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Category:    Home > Reviews > Documentary > Art > Picasso: Magic, Sex, Death

Picasso: Magic, Sex, Death


Picture: C+     Sound: B-     Extras: B     Film: B



There have been a few documentaries and even short films made about Picasso or have dealt in one way or another with Picasso.  A more recent look is done in the new DVD set Picasso: Magic, Sex, Death, which explores his work along with those themes simultaneously.  When dealing with most painters or artists and trying to capture their work onto film it can be complicated.  Take for example the films that have portrayed the life or artists like Vincent Van Gogh or Jackson Pollock.  Have they been able to reach beneath the paint or do they focus too tightly on the turmoil or the artist.  A good example would be The Horse’s Mouth starring Alec Guinness, which was about the made-up artist Gulley Jimson in his battle over creativity and criticism.


Pablo Picasso has been a major influential force in the 20th century and looking back now to analyze his work we gain a better understanding of the overall context of his work and their significance.  Often it is hard to judge a piece of art until we see the future and what kind of broader scope it is able to embellish.  Some might argue this case and state that art is eternal and has a place no matter what the context or time, which in some ways is true.  To take my point further lets think about the ancient painting that have been found on walls of caves, which have taught us a lot about the culture of those that lived then and the artists visions. However, the work that survived is the only work that can be critiqued, but what if we were to have a way to see all of the artwork from this period and compared and contrasted with other work.  Instead, we are left with only some remains for which they become important simply because of their existence, not necessarily their aesthetic qualities.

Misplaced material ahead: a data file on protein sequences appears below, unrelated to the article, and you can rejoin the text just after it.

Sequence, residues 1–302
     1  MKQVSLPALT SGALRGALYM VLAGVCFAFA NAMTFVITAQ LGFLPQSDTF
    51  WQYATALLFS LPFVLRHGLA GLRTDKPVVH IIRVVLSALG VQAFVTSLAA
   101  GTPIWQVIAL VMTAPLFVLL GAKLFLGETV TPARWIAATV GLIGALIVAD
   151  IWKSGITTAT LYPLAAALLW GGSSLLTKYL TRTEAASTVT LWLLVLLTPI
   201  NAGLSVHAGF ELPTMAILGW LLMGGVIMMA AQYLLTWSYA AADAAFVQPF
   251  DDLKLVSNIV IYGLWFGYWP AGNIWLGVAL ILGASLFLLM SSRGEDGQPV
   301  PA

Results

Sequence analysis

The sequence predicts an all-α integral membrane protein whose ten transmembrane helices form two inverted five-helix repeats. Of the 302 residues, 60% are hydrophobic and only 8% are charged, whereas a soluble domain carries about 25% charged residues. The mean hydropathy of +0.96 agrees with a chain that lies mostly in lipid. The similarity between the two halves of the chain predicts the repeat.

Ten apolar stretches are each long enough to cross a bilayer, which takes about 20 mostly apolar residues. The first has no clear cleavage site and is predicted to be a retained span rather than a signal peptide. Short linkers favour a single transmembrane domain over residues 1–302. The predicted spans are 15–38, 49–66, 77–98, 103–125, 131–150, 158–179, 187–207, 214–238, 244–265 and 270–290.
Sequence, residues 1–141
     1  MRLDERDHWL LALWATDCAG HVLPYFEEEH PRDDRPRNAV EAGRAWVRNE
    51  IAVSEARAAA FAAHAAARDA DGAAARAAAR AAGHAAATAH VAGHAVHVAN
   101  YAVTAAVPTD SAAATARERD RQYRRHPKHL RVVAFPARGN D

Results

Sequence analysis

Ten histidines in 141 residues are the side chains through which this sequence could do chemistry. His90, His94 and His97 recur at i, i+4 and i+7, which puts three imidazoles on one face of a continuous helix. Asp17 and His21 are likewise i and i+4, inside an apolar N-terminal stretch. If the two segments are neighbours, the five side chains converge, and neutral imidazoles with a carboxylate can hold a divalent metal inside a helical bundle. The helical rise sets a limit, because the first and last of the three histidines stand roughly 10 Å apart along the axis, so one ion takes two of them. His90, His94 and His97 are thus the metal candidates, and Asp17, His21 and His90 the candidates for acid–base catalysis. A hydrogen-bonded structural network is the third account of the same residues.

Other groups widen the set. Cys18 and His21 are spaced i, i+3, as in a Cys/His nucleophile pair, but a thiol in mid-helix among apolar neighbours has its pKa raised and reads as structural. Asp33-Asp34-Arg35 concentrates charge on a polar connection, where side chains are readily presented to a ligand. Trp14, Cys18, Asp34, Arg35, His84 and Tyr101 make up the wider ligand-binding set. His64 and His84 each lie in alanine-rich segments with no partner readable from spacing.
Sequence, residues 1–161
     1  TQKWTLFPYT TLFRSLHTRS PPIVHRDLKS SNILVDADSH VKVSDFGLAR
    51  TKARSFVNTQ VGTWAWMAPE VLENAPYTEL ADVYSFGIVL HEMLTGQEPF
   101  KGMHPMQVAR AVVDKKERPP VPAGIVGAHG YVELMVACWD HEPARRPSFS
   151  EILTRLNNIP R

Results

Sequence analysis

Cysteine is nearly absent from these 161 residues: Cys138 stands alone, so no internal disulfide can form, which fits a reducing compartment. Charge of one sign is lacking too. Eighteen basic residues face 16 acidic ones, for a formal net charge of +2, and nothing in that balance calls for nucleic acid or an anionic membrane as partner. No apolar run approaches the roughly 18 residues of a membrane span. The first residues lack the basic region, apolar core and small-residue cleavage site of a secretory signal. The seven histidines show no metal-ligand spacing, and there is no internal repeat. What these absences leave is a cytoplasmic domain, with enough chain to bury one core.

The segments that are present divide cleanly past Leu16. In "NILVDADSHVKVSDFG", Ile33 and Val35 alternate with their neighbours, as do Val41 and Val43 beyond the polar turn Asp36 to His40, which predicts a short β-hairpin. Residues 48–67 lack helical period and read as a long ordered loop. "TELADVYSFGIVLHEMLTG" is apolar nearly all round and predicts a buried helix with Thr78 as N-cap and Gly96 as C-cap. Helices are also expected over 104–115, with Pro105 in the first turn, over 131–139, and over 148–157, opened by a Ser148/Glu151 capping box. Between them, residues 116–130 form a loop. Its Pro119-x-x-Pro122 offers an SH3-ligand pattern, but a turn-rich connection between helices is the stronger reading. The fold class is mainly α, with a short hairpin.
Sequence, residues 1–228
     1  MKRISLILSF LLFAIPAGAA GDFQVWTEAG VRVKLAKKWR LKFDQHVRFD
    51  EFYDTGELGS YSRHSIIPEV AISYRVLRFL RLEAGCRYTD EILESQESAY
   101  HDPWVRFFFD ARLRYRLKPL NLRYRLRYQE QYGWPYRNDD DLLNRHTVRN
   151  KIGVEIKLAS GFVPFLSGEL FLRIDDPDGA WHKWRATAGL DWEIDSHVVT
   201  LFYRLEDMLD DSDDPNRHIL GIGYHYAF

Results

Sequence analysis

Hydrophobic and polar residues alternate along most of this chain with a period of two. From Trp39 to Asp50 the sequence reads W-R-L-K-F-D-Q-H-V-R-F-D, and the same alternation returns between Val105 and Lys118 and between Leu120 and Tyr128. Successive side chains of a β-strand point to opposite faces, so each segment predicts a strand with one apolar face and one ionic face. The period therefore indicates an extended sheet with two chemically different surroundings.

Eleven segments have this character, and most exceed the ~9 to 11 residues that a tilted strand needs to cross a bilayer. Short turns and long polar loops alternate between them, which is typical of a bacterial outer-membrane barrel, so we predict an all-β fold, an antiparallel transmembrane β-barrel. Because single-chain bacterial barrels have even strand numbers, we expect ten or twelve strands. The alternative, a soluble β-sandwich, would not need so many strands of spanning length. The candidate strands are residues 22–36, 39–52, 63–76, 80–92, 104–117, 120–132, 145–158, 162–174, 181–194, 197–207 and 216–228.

Then there is the question of what makes art good.  A recent attempt to bring this question to life came in 2003’s Mona Lisa Smile, for which the film was onto something, but became too involved with other points than to address issues like analyzing art.  One might suggest that a good piece of art is able to capture an audience and be able to translate meaning to them.  To move them.  Picasso was able to do so, but he had to reach a different audience because his work was beyond what was considered ‘normal’ at the time.  His visions of creativity seemed simplistic, yet when one goes to recreate this art they realize the craft behind it.  There is a fine line between junk that looks like art and just plain junky art.  Picasso obviously was able to convey various themes, but this documentary focuses in on three of them and not just how they are reflected in his work, but in his life as well.


For this release BFS has issued the film in a 2-disc set, which features the entire 150-minute program as well as some insightful extras.  Presented in a full-frame aspect ratio the documentary looks good considering all the various clips throughout the years.  Some of the segments reminded me of Jackson Pollock:  Love and Death on Long Island, which dealt with the origins of Pollock’s success and criticism. What is particularly refreshing here is that the material is focused and deals with three topics, which makes it powerful.  A Dolby Digital 2.0 stereo track is provided and supplies the usual type of documentary sound design with dialogue being almost mono in origin coming through two speakers. 


The extras include a DVD-ROM portion, which goes through the timeline of Picasso and then there is a segment entitled Picasso: In His Own Words, which makes for a nice addition rounding off this low-key release quite nice.  A trivia section is neither lengthy nor difficult, but gives the viewer something to do afterwards.



-   Nate Goss


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